Using 13C-labeled glutamine and nuclear magnetic resonance spectroscopy, we showed that the major products of l-[1,213C]glutamine metabolism are l-[1,213C]glutamate and l-aspartate labeled at positions C1 and C4 in BRIN-BD11 β-cells (39). l-Aspartate is formed after entry of l-glutamate into the TCA cycle. Additionally, the l-glutamate produced from glutamine entered the γ-glutamyl cycle and resulted in an increased production of glutathione (36). There was no nuclear magnetic resonance–based evidence for the production of GABA in our experimental conditions. Addition of glucose caused an increase in glutamate concentration but no increase in glutamine consumption, agreeing with previous reports that glucose can inhibit glutaminolysis (36). Using 13C-isotopomer analysis of anaplerotic flux in INS-1 cells, Cline et al. (44) demonstrated that glutamine addition increased flux through glutamate dehydrogenase, but this was not correlated with insulin secretion.

Recently, a signaling role for glutamine in insulin secretion was proposed (45). Using normal mouse islets, the authors used a potential glutamine synthetase inhibitor, methionine sulfoximine, to investigate the role of intracellularly generated glutamine in insulin secretion. They reported that, in the presence of this inhibitor, the insulin released in response to a glucose ramp was abolished and that this inhibition could be reversed by addition of l-glutamine or its nonmetabolizable analog, 6-diazo-5-oxo-l-norleucine. However, caution should be exercised when interpreting the results from this study because methionine sulfoximine is not a specific glutamine synthetase inhibitor (46) and indeed inhibits a number of glutamate-utilizing enzymes, including γ-glutamylcysteine synthetase, thus blocking potential metabolism of glucose-derived glutamate via the γ-glutamyl cycle. Although this issue was partially addressed by use of buthionine sulfoximine (BSO), an inhibitor of γ-glutamylcysteine synthetase, the mechanisms involved in glutamine-based “signaling” have yet to be identified.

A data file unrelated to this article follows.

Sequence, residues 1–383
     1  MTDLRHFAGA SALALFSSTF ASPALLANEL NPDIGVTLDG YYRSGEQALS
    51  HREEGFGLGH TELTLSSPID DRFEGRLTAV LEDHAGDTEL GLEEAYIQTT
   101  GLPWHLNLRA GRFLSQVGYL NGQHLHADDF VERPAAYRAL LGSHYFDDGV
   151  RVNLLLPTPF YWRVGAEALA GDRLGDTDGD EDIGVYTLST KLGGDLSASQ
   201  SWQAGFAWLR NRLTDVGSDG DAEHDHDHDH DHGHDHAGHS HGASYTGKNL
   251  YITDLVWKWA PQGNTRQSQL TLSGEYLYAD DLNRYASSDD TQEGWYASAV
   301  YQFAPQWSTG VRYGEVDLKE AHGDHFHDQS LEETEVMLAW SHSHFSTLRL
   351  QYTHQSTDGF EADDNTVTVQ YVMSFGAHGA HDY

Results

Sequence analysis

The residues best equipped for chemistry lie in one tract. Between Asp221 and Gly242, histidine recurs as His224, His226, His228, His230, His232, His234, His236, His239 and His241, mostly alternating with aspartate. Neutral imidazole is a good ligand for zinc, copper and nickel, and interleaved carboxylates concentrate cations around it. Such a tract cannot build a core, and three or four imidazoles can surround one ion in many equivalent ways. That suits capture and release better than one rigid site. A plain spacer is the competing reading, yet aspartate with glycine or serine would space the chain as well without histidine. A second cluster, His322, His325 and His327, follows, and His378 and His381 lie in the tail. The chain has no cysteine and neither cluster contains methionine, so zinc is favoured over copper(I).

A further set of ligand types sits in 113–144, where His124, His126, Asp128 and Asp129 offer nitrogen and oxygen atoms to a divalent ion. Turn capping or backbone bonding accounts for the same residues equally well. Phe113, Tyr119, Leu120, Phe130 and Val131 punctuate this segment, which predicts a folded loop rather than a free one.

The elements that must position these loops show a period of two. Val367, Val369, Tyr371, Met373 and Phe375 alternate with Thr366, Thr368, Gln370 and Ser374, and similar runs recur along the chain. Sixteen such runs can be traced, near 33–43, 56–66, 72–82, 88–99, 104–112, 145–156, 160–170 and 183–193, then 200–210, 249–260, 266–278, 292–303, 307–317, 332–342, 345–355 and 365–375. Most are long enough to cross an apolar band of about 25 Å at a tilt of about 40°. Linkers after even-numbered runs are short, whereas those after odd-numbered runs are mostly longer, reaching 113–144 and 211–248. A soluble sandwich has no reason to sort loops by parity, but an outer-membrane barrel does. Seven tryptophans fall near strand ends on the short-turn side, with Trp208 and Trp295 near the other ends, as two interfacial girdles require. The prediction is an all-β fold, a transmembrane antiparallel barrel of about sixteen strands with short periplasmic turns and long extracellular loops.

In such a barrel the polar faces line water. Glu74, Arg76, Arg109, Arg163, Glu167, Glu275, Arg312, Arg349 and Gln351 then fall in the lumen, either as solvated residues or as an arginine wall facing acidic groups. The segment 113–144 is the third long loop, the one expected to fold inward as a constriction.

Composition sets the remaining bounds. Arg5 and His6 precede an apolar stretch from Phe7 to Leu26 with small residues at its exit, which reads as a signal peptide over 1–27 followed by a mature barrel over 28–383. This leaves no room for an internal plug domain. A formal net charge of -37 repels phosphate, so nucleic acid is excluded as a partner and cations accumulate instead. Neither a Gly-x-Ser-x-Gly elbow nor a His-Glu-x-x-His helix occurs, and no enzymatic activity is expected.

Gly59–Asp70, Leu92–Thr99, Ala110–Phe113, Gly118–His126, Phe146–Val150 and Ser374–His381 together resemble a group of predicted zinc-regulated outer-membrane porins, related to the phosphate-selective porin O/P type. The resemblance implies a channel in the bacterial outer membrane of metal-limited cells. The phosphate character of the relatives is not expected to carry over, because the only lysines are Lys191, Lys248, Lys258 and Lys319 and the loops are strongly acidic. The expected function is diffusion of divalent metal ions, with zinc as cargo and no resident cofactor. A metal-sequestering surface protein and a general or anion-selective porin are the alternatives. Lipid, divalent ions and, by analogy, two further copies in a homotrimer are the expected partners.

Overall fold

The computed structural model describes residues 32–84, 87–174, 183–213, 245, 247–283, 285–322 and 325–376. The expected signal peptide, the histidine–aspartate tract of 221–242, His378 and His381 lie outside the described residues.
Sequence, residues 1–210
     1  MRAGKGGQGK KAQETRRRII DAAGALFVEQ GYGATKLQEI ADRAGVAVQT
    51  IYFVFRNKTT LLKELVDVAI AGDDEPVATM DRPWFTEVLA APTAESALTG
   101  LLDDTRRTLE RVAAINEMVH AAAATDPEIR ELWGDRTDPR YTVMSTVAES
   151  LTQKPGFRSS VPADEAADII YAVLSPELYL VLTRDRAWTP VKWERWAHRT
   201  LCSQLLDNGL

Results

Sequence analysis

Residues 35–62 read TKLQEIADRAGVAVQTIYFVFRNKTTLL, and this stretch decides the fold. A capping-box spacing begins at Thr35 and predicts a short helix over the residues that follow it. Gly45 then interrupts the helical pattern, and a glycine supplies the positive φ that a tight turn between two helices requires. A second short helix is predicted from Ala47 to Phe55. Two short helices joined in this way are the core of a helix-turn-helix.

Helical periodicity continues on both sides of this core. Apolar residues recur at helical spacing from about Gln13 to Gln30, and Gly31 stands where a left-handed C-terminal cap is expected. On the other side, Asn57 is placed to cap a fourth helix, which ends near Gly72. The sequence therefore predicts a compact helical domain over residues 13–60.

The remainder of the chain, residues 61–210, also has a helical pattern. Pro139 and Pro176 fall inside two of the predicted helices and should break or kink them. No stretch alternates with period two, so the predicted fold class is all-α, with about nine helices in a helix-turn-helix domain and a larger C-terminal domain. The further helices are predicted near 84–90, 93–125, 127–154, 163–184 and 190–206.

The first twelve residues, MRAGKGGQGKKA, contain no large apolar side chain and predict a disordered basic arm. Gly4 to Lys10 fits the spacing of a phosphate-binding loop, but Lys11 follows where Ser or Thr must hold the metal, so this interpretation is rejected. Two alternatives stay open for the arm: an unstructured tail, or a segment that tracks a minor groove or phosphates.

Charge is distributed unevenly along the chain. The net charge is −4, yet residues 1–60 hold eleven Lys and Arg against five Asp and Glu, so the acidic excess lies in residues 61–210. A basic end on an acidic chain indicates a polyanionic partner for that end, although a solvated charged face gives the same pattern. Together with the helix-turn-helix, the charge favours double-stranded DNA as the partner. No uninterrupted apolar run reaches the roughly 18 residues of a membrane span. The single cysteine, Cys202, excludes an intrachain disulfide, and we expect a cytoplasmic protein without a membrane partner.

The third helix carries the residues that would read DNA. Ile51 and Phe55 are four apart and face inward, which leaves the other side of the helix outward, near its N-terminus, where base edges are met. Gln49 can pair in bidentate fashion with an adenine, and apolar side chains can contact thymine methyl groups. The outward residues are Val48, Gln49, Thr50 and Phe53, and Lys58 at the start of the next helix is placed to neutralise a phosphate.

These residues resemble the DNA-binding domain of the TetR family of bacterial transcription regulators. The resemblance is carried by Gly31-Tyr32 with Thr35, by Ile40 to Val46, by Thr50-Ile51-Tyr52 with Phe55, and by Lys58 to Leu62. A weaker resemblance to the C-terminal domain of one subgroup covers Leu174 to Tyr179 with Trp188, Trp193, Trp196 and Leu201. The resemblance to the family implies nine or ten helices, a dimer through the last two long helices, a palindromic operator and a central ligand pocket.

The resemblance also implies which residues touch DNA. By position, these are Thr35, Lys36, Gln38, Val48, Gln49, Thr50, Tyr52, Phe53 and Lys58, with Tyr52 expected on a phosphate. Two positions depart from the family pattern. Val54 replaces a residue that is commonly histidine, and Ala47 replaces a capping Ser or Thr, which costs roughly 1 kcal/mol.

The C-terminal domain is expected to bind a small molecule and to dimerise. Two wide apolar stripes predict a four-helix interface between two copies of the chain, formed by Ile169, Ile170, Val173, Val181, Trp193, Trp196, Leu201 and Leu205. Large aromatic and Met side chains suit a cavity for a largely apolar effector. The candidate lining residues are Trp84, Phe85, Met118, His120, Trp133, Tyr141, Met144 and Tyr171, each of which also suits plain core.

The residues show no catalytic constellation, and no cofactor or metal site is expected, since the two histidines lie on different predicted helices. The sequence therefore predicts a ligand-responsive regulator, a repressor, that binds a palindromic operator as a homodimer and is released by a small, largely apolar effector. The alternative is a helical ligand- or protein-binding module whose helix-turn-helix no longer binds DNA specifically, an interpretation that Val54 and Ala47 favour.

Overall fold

l-glutamate is the most highly debated amino acid with respect to stimulation of insulin secretion and the possible molecular mechanisms of its action on promotion of secretion. Intracellular generation of l-glutamate has been proposed to participate in nutrient-induced stimulus-secretion coupling, as an additive factor in the amplifying pathway of glucose-stimulated insulin secretion (47). During glucose stimulation, total cellular glutamate levels have been reported to increase in human, mouse, and rat islets as well as in clonal β-cells (3,4750), whereas in other studies, no change was detected (51,52). The finding that mitochondrial activation in permeabilized β-cells directly stimulates insulin exocytosis (25) pioneered the identification of glutamate as a putative intracellular messenger (47,53). It has been suggested that glutamate could be transported into secretory granules, thereby promoting Ca2+-dependent exocytosis (47,53). Such a model has been substantiated by demonstration that clonal β-cells express vesicular glutamate transporters and that glutamate transport characteristics are similar to neuronal transporters (54). Other evidence in support of the l-glutamate hypothesis comes from work with β-cells overexpressing l-glutamate decarboxylase (GAD): overexpression of GAD reduced l-glutamate content in INS-1E and islet β-cells and reduced secretory responses to high glucose (48).